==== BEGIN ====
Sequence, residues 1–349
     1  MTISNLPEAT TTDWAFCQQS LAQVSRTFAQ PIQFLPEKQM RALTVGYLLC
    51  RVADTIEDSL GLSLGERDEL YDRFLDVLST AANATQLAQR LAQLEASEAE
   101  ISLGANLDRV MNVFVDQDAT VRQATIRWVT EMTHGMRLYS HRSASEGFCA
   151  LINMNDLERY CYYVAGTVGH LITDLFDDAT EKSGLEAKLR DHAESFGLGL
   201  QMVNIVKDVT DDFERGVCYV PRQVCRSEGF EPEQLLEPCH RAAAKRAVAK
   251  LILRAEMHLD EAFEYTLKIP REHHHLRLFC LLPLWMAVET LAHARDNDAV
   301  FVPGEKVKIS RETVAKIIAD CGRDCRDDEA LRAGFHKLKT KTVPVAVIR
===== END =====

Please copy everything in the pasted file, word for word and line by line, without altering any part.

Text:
Sequence, residues 1–349
     1  MTISNLPEAT TTDWAFCQQS LAQVSRTFAQ PIQFLPEKQM RALTVGYLLC
    51  RVADTIEDSL GLSLGERDEL YDRFLDVLST AANATQLAQR LAQLEASEAE
   101  ISLGANLDRV MNVFVDQDAT VRQATIRWVT EMTHGMRLYS HRSASEGFCA
   151  LINMNDLERY CYYVAGTVGH LITDLFDDAT EKSGLEAKLR DHAESFGLGL
   201  QMVNIVKDVT DDFERGVCYV PRQVCRSEGF EPEQLLEPCH RAAAKRAVAK
   251  LILRAEMHLD EAFEYTLKIP REHHHLRLFC LLPLWMAVET LAHARDNDAV
   301  FVPGEKVKIS RETVAKIIAD CGRDCRDDEA LRAGFHKLKT KTVPVAVIR